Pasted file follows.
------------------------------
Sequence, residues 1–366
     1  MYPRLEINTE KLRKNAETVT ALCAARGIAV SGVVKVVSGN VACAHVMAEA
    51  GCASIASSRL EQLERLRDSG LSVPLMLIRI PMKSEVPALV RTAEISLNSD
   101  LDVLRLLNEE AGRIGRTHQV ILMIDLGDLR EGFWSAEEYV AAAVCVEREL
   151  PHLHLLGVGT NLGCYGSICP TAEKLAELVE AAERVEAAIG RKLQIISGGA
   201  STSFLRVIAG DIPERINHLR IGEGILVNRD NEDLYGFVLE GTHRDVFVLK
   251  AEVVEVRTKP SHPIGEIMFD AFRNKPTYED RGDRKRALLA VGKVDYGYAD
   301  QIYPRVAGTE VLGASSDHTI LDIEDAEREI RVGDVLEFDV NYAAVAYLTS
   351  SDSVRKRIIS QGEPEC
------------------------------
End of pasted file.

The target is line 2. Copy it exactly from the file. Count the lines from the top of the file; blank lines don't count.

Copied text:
     1  MYPRLEINTE KLRKNAETVT ALCAARGIAV SGVVKVVSGN VACAHVMAEA